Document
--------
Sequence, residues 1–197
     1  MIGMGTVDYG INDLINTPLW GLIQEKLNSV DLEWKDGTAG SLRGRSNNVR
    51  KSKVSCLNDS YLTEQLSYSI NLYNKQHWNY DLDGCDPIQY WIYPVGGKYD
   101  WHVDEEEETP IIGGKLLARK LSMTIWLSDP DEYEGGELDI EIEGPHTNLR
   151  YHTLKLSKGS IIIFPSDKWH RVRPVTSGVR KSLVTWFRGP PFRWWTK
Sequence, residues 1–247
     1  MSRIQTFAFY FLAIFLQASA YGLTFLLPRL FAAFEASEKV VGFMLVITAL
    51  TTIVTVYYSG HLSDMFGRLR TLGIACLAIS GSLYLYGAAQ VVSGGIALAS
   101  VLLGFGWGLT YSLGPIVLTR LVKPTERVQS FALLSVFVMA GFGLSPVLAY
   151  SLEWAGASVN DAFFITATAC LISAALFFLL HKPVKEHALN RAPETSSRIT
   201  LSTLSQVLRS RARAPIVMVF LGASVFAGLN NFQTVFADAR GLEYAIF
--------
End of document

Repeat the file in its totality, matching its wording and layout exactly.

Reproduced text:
Sequence, residues 1–197
     1  MIGMGTVDYG INDLINTPLW GLIQEKLNSV DLEWKDGTAG SLRGRSNNVR
    51  KSKVSCLNDS YLTEQLSYSI NLYNKQHWNY DLDGCDPIQY WIYPVGGKYD
   101  WHVDEEEETP IIGGKLLARK LSMTIWLSDP DEYEGGELDI EIEGPHTNLR
   151  YHTLKLSKGS IIIFPSDKWH RVRPVTSGVR KSLVTWFRGP PFRWWTK
Sequence, residues 1–247
     1  MSRIQTFAFY FLAIFLQASA YGLTFLLPRL FAAFEASEKV VGFMLVITAL
    51  TTIVTVYYSG HLSDMFGRLR TLGIACLAIS GSLYLYGAAQ VVSGGIALAS
   101  VLLGFGWGLT YSLGPIVLTR LVKPTERVQS FALLSVFVMA GFGLSPVLAY
   151  SLEWAGASVN DAFFITATAC LISAALFFLL HKPVKEHALN RAPETSSRIT
   201  LSTLSQVLRS RARAPIVMVF LGASVFAGLN NFQTVFADAR GLEYAIF